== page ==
|In 1900, I founded Tokyo Women’s Medical School, the predecessor of Tokyo Women’s Medical University, with the purpose of improving the social position of women, who had very little status at that time. For women to improve their status, they needed to attain financial independence. As a doctor myself, it was my belief that medicine was a noble profession suited to women, and that the establishment of a professional medical school for women would contribute to this scheme.
For these reasons I became very determined, and my intent never wavered even in the difficult times after World War II. During the period when medical education was being reformed in Japan, many people advised me, both privately and publicly, to discontinue my adherence to an education exclusively for women. However, whatever disadvantages a women’s school may have had, I insisted on my belief. I explained the reasons for the necessity of a women’s medical school by referring to the success of such schools in other countries. Finally, my opinion was accepted. Currently, Tokyo Women’s Medical University remains the only women’s medical school in Japan.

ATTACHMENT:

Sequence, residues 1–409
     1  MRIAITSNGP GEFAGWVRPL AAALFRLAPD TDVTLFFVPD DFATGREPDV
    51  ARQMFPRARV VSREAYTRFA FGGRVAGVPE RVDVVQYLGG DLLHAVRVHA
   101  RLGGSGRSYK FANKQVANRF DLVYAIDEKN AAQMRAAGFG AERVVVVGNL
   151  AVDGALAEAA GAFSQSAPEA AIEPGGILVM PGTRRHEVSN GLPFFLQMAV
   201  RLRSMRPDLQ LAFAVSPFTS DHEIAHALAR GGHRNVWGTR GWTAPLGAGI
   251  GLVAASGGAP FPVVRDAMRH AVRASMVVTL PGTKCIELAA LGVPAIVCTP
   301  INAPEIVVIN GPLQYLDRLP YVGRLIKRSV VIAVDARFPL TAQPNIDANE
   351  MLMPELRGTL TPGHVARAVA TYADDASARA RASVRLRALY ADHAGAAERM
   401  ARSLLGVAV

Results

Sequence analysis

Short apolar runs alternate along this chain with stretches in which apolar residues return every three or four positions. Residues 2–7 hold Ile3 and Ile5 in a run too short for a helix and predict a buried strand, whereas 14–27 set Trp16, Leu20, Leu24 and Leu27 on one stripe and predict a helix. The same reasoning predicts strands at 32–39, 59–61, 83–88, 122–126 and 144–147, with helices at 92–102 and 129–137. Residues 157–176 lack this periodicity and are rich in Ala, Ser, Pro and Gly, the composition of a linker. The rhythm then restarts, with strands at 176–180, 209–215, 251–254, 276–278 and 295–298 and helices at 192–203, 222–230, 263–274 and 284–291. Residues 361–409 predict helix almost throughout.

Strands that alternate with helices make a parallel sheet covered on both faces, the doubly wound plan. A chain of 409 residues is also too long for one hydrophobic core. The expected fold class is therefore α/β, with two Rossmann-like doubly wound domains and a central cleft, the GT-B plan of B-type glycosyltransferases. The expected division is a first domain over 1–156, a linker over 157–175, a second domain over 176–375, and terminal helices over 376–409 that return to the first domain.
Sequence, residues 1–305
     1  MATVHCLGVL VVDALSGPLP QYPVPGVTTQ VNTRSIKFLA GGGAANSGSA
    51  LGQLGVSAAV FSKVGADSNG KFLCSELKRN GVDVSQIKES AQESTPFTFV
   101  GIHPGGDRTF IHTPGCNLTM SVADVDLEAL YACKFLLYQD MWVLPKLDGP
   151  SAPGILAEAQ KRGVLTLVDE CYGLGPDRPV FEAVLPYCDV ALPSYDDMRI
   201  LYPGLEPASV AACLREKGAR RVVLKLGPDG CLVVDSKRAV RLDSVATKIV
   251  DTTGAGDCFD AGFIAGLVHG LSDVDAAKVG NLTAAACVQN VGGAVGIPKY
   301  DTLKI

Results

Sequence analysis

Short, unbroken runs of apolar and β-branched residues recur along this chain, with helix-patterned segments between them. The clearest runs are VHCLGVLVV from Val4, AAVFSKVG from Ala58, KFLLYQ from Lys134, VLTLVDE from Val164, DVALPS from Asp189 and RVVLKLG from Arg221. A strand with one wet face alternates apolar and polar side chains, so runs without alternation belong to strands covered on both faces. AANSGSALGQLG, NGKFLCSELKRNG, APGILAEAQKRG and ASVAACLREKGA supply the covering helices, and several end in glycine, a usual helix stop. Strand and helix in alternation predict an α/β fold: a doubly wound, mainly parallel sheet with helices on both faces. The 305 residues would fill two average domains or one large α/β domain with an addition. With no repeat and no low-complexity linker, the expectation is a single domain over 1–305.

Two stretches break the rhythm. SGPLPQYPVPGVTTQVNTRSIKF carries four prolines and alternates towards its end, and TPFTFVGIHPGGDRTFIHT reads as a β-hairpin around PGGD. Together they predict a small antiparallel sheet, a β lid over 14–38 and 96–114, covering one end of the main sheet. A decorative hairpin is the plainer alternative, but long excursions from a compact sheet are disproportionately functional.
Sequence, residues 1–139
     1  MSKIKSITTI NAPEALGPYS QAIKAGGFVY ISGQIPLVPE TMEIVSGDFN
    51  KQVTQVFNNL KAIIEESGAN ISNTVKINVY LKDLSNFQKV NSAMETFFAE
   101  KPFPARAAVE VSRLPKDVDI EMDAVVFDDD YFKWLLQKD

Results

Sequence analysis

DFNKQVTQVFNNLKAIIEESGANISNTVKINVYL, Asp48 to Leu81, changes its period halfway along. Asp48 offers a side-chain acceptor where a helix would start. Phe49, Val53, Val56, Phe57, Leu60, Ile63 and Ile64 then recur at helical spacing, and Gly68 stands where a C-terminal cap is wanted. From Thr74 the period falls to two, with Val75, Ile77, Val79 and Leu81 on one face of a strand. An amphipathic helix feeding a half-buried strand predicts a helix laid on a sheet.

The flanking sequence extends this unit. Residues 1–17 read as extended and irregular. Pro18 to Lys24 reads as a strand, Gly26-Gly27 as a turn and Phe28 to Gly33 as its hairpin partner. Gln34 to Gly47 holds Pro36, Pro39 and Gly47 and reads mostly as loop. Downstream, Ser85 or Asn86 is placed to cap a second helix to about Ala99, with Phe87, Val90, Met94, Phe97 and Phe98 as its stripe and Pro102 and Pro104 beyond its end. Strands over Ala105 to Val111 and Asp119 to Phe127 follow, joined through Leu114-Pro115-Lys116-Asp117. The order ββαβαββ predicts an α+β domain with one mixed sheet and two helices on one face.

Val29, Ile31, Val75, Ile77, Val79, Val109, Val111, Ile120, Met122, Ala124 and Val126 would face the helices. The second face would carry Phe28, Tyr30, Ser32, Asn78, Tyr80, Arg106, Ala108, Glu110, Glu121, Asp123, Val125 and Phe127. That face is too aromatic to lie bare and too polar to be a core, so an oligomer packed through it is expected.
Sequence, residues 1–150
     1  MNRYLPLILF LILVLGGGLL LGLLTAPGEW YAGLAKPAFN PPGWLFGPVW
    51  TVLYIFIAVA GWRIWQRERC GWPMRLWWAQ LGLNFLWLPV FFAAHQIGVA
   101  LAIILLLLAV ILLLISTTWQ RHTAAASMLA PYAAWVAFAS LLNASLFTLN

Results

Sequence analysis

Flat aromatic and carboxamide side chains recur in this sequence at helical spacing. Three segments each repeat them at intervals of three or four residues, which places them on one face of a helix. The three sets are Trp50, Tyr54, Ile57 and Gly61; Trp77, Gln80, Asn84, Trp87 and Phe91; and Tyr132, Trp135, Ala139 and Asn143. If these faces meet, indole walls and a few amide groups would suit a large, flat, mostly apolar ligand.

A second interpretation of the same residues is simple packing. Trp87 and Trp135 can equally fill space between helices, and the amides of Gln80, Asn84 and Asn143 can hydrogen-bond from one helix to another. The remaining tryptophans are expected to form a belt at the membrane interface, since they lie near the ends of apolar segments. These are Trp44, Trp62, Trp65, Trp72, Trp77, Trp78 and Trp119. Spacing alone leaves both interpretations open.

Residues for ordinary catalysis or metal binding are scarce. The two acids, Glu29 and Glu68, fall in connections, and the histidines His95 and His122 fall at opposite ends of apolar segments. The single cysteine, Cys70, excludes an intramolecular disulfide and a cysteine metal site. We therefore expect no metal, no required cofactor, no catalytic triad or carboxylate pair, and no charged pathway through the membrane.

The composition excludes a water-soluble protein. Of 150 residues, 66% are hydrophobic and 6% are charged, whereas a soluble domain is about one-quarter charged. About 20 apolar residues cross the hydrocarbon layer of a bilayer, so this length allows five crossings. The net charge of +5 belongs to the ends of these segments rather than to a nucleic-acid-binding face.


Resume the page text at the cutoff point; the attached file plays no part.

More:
Yayoi Yoshioka, M.D., founder of Tokyo WomenĀfs Medical University
-- Cited from "My vision in establishing a Women’s Medical University and the Significance of its Existence" (1958)